Members · Prefs · Laboratory · Collections · Openings · Endgames · Sacrifices · History · Search Kibitzing · Kibitzer's Café · Chessforums · Tournament Index · Players · Kibitzing
Fabiano Caruana vs Erwin L'Ami
"Caru Can" (game of the day Feb-17-2017)
Tata Steel Group A (2013), Wijk aan Zee NED, rd 8, Jan-20
Caro-Kann Defense: Advance. Tal Variation (B12)  ·  1-0



explore this opening
find similar games 2 more Caruana/L'Ami games
PGN: download | view | print Help: general | java-troubleshooting

TIP: Games that have been used in game collections will have a section at the bottom which shows collections which include it. For more information, see "What are Game Collections?" on our Help Page.

PGN Viewer:  What is this?
For help with this chess viewer, please see the Olga Chess Viewer Quickstart Guide.

Kibitzer's Corner
Jan-20-13  Mendrys: 34. Bxh6 Bxh6 35. Nxf6+ Kf7 36. Rxd7+ Rxd7 37. Nxd7 looks strong at first glance and is an interesting trap but, alas, Black has 34. .. Rxd5 35. Rxd5 Rxd5 36. Rxd5 Bxh6 and gets a Knight and Bishop for the Rook. The engines give it a dead draw after the last sequence and both Houdini and Rybka draw by repeating the same moves over and over.
Jan-20-13  fisayo123: Fantastic play by Caruana. What an aggressive way to approach the Caro-Kann.
Jan-20-13  Kikoman: Thanks Caruana I won 319 bucks! LOL!
Jan-26-13  Jaburu: F.Caruana 2781 - E.L'Ami 2627
Tata Steel, Wijk aan Zee NED 2013.

1.e4 c6 2.d4 d5 3.e5 Bf5 4.h4 h6 5.g4 Bd7 6.h5 e6 7.f4

[After 7.f4 it is formed in the king side what I denominate "Chess-Shogi Space". I placed Houdini to play blitz with the white king in that this space. The idea is the king's study and open space as it happens in the Japanese Shogi.]


[If Black attack the "Chess-Shogi Space" what happen? In rapid study Houdini said: 7...f6 8.Bd3 Qb6 9.Nf3 c5 10.Bg6+ Kd8 11.exf6 gxf6 12.Nc3 Nc6 13.dxc5 Bxc5 14.Bd2 Nd4 15.Nxd4 Bxd4 16.Qf3 Rc8 17.0𢠢 Ne7 18.Rh3 f5 19.gxf5 exf5 20.Be3 Bxe3+ 21.Qxe3 Qxe3+ 22.Rxe3 Nxg6 23.hxg6 Rc6 24.g7 Rg8 25.Rg3 d4 26.Nb5 Ke7 27.Nxd4]

8.c3 Qb6 9.Nf3

[With the King in the "Chess-Shogi Space" what happen? In rapid study Houdini said: 9.Kf2 Nc6 10.Nf3 a6 11.Kg3 Rc8 12.Rh2 cxd4 13.cxd4 Nge7 14.Nc3 Qc7 15.Be3 Na5 16.Rc1 Nc4 17.Bxc4 dxc4 18.d5 exd5 19.Nxd5 Nxd5 20.Qxd5 Be6 21.Qd4 Qd7 22.Qxd7+ Bxd7 23.Bb6 Rc6 24.Bd4 b5 25.Rd1 Bc8 26.Rhd2 Be7 27.Bc3 00 28.Nd4 Rb6 29.Ba5 Rb7 30.Nc6 Re8 31.Nxe7+ Rbxe7 32.Rd8 Bb7 33.Bb4 Re6 34.R8d7 Bc8 35.Rc7 g5 36.Rd5 gxf4+ 37.Kxf4 a5 38.Bd6 f6 39.Rxb5 a4 40.Rbc5 Ba6 41.Ra7 fxe5+ 42.Bxe5 Rf8+ 43.Kg3 Rf7 44.Ra8+ Rf8 45.Rxf8+ Kxf8 46.Kf4 a3 47.bxa3 Kf7 48.g5 hxg5+ 49.Kxg5 Bb7 50.h6 Kg8 51.Bf4 Be4 52.Rxc4 Bb1 53.a4 Ra6 54.Bd2 Rg6+ 55.Kh5 Rg2 56.Rd4 Rg3 57.Rb4 Bg6+ 58.Kh4 Ra3 59.Kg5 Bd3 60.Kf6 Ba6 61.Bf4 Rc3 62.Rb6 Rf3 63.Rb8+ Kh7 64.Kg5 Bd3 65.Rb7+ Kg8 66.Rg7+ Kf8 67.Bd6+ Ke8 68.h7 Bxh7 69.Rxh7 Rc3 70.Kf5 Kd8 71.a5 Rc6 72.Ke6 Rc8 73.Rh8#]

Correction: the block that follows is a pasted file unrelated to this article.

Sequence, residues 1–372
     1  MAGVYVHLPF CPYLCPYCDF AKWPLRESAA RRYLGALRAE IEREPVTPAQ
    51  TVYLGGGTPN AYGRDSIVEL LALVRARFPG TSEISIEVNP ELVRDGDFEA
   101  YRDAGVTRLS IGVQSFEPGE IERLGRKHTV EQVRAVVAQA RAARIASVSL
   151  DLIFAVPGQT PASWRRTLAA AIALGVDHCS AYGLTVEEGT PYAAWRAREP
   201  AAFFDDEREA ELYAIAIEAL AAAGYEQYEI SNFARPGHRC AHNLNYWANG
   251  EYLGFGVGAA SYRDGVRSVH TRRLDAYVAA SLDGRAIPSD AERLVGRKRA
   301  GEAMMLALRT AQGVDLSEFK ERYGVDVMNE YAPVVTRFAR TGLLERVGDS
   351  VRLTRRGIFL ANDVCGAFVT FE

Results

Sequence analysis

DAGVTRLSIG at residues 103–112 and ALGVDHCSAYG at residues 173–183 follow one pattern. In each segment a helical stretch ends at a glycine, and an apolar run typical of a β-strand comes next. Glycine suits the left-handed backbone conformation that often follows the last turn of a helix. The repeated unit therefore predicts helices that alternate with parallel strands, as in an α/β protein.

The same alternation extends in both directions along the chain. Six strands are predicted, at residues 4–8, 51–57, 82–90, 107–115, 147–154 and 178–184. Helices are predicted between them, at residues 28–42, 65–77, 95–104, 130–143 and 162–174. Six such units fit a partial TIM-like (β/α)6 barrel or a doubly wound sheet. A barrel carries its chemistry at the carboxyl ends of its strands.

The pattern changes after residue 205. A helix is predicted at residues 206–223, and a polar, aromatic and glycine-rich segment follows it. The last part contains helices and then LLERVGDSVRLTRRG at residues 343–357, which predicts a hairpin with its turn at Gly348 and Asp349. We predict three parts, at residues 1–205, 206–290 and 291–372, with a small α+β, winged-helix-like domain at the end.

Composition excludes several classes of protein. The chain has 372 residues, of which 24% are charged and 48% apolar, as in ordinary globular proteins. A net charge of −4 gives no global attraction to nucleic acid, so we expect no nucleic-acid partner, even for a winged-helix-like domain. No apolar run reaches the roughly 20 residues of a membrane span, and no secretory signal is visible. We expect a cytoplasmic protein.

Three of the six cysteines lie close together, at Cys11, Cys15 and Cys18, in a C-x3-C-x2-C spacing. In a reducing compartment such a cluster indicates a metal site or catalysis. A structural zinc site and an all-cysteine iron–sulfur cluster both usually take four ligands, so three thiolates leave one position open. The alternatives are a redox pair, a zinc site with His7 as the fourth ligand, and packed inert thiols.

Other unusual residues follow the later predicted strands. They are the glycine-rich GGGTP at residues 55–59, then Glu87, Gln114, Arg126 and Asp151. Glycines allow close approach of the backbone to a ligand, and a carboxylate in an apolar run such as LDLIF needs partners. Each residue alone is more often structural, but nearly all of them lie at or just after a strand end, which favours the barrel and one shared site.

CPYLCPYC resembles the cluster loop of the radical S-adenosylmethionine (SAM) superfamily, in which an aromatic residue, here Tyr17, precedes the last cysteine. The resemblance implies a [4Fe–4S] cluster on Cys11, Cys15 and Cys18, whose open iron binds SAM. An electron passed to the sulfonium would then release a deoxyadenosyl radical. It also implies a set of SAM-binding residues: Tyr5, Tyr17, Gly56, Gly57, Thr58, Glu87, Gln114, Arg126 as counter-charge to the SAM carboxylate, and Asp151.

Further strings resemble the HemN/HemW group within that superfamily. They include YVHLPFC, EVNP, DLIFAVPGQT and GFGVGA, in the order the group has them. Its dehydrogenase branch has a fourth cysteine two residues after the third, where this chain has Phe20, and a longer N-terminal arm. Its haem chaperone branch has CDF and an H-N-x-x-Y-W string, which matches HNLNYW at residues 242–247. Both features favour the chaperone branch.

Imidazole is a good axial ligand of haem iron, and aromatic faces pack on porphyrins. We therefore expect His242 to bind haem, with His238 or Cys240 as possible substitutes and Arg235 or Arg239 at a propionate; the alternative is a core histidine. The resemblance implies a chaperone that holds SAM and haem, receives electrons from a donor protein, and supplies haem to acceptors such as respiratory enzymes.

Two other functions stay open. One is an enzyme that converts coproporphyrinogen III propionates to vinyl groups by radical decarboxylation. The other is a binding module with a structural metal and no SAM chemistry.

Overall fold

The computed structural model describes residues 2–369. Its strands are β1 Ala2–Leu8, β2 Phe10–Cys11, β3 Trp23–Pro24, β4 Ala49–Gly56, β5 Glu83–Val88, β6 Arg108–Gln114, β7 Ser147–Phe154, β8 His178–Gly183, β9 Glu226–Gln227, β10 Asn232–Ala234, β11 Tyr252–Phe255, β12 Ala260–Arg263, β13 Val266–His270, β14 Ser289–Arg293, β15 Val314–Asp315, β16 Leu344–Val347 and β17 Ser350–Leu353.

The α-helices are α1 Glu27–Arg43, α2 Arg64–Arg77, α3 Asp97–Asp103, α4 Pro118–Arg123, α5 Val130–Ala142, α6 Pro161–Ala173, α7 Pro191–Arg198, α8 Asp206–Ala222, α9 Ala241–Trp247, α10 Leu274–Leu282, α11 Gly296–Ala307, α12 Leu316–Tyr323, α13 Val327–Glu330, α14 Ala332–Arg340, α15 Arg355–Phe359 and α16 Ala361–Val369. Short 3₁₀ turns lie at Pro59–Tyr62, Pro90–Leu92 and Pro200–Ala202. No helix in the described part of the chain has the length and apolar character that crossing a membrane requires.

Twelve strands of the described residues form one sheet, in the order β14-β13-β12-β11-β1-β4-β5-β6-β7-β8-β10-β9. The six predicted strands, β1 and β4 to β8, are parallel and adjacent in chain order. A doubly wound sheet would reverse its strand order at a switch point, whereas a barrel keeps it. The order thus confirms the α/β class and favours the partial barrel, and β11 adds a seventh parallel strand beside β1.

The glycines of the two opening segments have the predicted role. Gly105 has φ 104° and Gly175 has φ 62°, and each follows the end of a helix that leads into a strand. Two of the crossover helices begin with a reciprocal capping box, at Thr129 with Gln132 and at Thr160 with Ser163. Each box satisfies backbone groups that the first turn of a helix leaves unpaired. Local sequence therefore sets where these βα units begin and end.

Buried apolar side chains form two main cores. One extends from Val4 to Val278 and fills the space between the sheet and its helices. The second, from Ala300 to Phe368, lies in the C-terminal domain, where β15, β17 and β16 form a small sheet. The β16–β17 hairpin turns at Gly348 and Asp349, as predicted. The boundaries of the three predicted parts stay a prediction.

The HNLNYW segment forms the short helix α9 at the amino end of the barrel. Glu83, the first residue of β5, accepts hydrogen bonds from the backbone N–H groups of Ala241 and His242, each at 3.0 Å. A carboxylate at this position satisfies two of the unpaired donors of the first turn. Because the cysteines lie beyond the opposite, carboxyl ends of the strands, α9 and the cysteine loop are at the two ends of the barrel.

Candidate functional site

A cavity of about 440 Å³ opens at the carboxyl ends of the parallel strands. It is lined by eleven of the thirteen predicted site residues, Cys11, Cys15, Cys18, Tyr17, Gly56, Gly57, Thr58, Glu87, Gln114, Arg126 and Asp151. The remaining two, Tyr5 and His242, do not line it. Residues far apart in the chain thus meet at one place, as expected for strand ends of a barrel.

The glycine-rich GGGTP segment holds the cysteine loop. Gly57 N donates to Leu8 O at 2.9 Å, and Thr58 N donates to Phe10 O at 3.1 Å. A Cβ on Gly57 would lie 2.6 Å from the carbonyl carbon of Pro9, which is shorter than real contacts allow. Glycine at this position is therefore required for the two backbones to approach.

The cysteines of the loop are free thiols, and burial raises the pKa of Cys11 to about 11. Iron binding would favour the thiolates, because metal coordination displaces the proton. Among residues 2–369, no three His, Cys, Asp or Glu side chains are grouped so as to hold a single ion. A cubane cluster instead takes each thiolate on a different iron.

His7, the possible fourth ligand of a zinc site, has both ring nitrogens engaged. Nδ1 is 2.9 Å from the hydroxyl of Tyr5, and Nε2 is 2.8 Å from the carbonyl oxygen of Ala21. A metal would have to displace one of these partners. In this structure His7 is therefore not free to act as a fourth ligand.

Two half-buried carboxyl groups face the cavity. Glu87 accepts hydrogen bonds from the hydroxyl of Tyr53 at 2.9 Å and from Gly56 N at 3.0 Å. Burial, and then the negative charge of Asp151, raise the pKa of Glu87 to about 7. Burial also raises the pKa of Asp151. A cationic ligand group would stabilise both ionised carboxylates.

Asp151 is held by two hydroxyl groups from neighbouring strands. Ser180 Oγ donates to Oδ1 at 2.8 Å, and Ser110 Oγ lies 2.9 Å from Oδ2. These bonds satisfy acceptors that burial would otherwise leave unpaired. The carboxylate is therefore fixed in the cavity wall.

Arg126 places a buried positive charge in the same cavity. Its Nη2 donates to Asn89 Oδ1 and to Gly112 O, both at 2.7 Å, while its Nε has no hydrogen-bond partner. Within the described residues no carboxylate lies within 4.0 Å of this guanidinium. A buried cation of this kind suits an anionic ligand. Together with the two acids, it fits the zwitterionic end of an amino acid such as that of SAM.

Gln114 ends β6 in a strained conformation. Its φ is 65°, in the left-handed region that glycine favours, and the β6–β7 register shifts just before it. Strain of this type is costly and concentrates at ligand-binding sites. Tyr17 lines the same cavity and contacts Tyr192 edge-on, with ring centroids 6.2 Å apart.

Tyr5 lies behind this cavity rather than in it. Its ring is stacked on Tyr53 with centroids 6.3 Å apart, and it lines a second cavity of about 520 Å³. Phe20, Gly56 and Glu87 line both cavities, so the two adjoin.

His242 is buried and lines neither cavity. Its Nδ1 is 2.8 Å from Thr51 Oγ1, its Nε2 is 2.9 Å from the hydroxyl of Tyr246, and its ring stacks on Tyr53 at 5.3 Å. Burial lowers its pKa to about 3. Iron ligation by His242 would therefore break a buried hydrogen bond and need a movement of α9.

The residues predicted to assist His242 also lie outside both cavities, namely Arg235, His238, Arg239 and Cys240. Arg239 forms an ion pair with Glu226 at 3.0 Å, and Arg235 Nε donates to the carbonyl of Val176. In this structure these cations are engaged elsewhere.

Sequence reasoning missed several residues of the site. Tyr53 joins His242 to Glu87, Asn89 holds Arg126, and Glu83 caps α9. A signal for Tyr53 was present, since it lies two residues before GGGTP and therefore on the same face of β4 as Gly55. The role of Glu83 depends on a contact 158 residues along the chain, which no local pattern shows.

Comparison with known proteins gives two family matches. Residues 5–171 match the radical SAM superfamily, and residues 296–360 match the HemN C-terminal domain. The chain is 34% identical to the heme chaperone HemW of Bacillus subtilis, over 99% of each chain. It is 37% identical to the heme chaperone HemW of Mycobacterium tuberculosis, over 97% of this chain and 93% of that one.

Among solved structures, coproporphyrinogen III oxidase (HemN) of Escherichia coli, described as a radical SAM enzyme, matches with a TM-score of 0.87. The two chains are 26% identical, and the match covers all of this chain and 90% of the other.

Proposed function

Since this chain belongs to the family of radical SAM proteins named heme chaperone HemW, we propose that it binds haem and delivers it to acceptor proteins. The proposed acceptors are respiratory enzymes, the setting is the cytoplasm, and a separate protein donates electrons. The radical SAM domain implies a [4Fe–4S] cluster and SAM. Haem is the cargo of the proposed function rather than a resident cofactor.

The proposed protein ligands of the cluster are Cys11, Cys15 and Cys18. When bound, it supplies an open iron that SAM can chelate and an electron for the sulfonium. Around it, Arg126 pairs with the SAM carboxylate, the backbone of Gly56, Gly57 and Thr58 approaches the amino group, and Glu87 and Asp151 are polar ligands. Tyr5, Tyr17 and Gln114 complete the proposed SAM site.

9...Bb5 10.Bxb5+ Qxb5 11.Na3 Qb6 12.Qa4+ Nc6 13.Nc2 cxd4 14.cxd4 Qa5+ 15.Qxa5 Nxa5 16.Ke2 Ne7 17.b3 Rc8 18.Kd3 Nac6 19.Bd2 Rc7 20.Nh4 Nc8 21.f5 a5 22.Raf1 Rg8 23.Rh2 f6 24.exf6 gxf6 25.Ne3 e5 26.Nxd5 Rf7 27.Ng6 Nxd4 28.Be3 Nc6 29.Ke2 Bg7 30.Kf3 Rd7 31.Rd2 Kf7 32.Rfd1 Rgd8 33.Kf2 Ke8 34.Ke1 Nd4 35.Bxd4 Rxd5 36.Bc3 Rxd2 37.Bxd2 b6 38.Rc1 Kd7 39.Be3 Re8 40.Ke2 Kd6 41.Kd3 Kd7 42.Rc3 Bf8 43.Ke4 Bb4 44.Rc2 Nd6+ 45.Kd5 Nb5 46.Bxh6 Nc3+ 47.Rxc3 Bxc3 48.Be3 Bd4 49.Bxd4 exd4 50.Kxd4 Kc6 51.h6 Rd8+ 52.Ke4 Rd7 53.g5 10

Im my book "Winning Pawn Play in the Indian Defenses" (Mongoose Press 2012) I study this subject in the page 243. I am deepening it in my new book.

Premium Chessgames Member
  Chessdreamer: Another game in this opening line (12.dxc5);

[Event "EU-chT (Men)"]
[Site "Plovdiv BUL"]
[Date "2003.10.19"]
[Round "8"]
[White "Kotronias, Vasilios"]
[Black "David, Alberto"]
[Result "0-1"]
[WhiteElo "2626"]
[BlackElo "2560"]
[ECO "B12"]

1.e4 c6 2.d4 d5 3.e5 Bf5 4.h4 h6 5.g4 Bd7 6.c3 e6 7.h5 c5 8.f4 Qb6 9.Nf3 Bb5 10.Bxb5+ Qxb5 11.Na3 Qb6 12.dxc5 Bxc5 13.b4 Be3 14.Qd3 Bxc1 15.Rxc1 a6 16.f5 Ne7 17.Rh2 exf5 18.gxf5 f6 19.Rg2 fxe5 20.Nxe5 O-O 21.Kd2 Rxf5 22.Rcg1 Rf2+ 23.Kc1 Rxg2 24.Rxg2 Qf6 25.Ng6 Nbc6 26.Nc2 Rd8 27.Nxe7+ Nxe7 28.Nd4 Rf8 29.Kb2 Kh8 30.Qg3 Nc6 31.Nf5 d4 32.cxd4 Nxd4 33.Qxg7+ Qxg7 34.Nxg7 Rg8 35.Rd2 Nf3 36.Rf2 Ne5 37.Rf5 Nc4+ 38.Kb3 b5 39.Ne6 Rg3+ 0-1

Premium Chessgames Member
  An Englishman: Good Evening: Kmoch referred to that curious King side pawn formation after 7.f4 as a "quart-grip," and you can see how potent it can become if your advanced pawns have already crossed the 5th rank. Aside from suffocating the Black pieces on that side of the board, White can always force a passed pawn, by sacrifice if needed.